Robb Holland is a professional race car driver, automotive journalist, and tv personality with records in the British Touring Car, Pikes Peak, and the World Touring Car Championships. A former collegiate cycling champ, he talks about preparing for the Nashville Grand Prix, the similarities between cycling and racing, and how the drive for competition delivers results in all aspects of his life — especially when competing against folks half his age. Holland is a fierce competitor in the GT4 competition where for the last two years he was the top podium finisher at the Nashville Grand Prix. 

His perception of aging and the thrill of competition are inspiring. Key takeaways from the interview include: a peek into the business behind motorsports, a racing 101 to bring the novice up to speed, and the impact mentors and role models play in life.

Here’s a bit of our dialogue.

Q. Tell us about the nail-biting moments that put you on top of the podium (at the Nashville Grand Prix for two consecutive years). 

They are all nail-biting moments when you’re on a street course. That’s the nature of street course racing, which, for whatever reason, I just take to like a fish to water. 

Tell us about the differences in racing on different courses.

When you’re on a standard road course, we’ll have runoff, gravel traps, wide exit curbing, so there’s a lot more room to, let’s say, make mistakes, or even small mistakes in judgment when you’re placing the car [you] don’t usually have big consequences. With a street course, it’s completely different. The whole entire circuit is lined with massive concrete barriers that if you get it wrong, it’s pretty much catastrophic. Day done. So, there’s really never a point you get to relax, where you can just kind of go, “Okay, I’m just kind of cruising,” or whatever. Every corner has the potential to bite you very, very hard if you even have a small lapse in concentration for a second.

In the interview, Holland continues to share the interesting perspective of being behind the wheel of a race car at speed, underscoring how variable lighting along the Nashville course provides some unique challenges. In addition, he talks about “getting in the zone” for a race and makes a keen comparison between competitive cycling (which he did for years) and auto racing. His colorful stories about the Pikes Peak climb and unknowns (including wildlife on the course) illuminate how all races are unique.

Q. Will you paint a picture for other young men or women to demonstrate how dreams really can come true, and especially the role mentors play?

It’s massive. My dad was a pioneer in the business world for a number of years. He was the CEO of Ben & Jerry’s ice cream. When he got that job, he was the first black CEO of a major corporation in U.S. history. His thing to me was always that he didn’t mind being the first person through the door, but he also wanted to make sure that he wasn’t the last person through that door. And so, for me, that’s the same thing… I’ve been able to work with some incredible people across multiple sports, and those guys were mentors to me. I want to make sure that I can continue my dad’s legacy that way … it gives me the motivation to keep going so that I can keep the door open for as many kids as I can that are following after me.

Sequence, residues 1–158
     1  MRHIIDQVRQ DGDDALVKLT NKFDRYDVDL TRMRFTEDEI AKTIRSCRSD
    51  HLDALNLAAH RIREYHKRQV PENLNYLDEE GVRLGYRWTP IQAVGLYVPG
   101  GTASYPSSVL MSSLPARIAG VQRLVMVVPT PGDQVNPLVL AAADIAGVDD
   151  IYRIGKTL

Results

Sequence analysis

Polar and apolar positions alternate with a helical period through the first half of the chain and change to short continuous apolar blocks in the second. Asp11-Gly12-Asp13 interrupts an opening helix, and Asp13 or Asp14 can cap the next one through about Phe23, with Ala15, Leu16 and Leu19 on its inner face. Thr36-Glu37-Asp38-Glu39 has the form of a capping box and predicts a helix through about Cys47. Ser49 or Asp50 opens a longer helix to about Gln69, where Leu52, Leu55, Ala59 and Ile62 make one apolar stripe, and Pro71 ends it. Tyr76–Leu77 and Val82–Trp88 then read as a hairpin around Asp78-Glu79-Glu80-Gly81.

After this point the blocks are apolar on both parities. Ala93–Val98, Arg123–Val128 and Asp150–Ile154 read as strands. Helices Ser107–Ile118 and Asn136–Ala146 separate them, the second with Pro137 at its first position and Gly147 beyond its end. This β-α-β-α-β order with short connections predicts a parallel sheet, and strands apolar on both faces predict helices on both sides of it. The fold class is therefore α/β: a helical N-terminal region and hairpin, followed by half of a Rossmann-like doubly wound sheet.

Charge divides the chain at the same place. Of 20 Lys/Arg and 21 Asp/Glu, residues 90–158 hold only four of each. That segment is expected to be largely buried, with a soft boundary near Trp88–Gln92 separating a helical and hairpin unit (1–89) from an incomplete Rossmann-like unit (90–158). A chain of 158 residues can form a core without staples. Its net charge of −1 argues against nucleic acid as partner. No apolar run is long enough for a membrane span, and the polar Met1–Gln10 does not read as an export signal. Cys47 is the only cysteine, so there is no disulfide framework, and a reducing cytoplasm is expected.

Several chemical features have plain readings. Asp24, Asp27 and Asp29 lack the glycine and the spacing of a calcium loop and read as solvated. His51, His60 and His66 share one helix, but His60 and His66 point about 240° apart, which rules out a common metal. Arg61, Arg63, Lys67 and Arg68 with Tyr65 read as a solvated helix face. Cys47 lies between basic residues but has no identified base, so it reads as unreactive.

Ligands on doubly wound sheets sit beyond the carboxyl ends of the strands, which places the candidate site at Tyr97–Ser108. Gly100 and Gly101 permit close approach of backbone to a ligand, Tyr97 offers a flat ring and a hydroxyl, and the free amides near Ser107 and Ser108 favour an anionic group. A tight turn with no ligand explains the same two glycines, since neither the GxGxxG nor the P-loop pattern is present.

Holland offers names of mentors in his life and shares why he visits the Davidson County Juvenile Justice Center (adjacent to the Grand Prix track) when in Nashville. He also touches on camaraderie, teamwork, and how moments in motorsports will forever be a part of his life.

Q. What is a piece of advice from your parents or an older adult that (at the time they shared it with you) you thought was silly but now it rings true in your everyday life?

I think all advice that I got from my parents I thought was silly. I was definitely like, “What are you talking about?” It is really funny because it does come full circle. … Don’t forget it will come back around. …My dad gave me the ability to fail, which I think is probably one of the greatest things that you can give somebody. Because that meant that as long as I literally put my heart and soul into everything I did, I had his backing. And so, I was able to do all of these different things. I was able to become a professional cyclist. I was able to become a professional race car driver and race team owner and media personality, and all these other things, because I knew if I gave a hundred percent, I always had my parents backing, and I didn’t forget that. It just took me a long time to realize what that was and how important and how special that was.

Thrill seeker or not, you decide as we listen to this multifaced driver and business owner talk about being a very competitive professional race car driver. Through his wit and candor learn how mentors and family shaped the family man, businessman, and fierce competitor who keeps his mind and body fine-tuned for competition on and off the many circuits in life.

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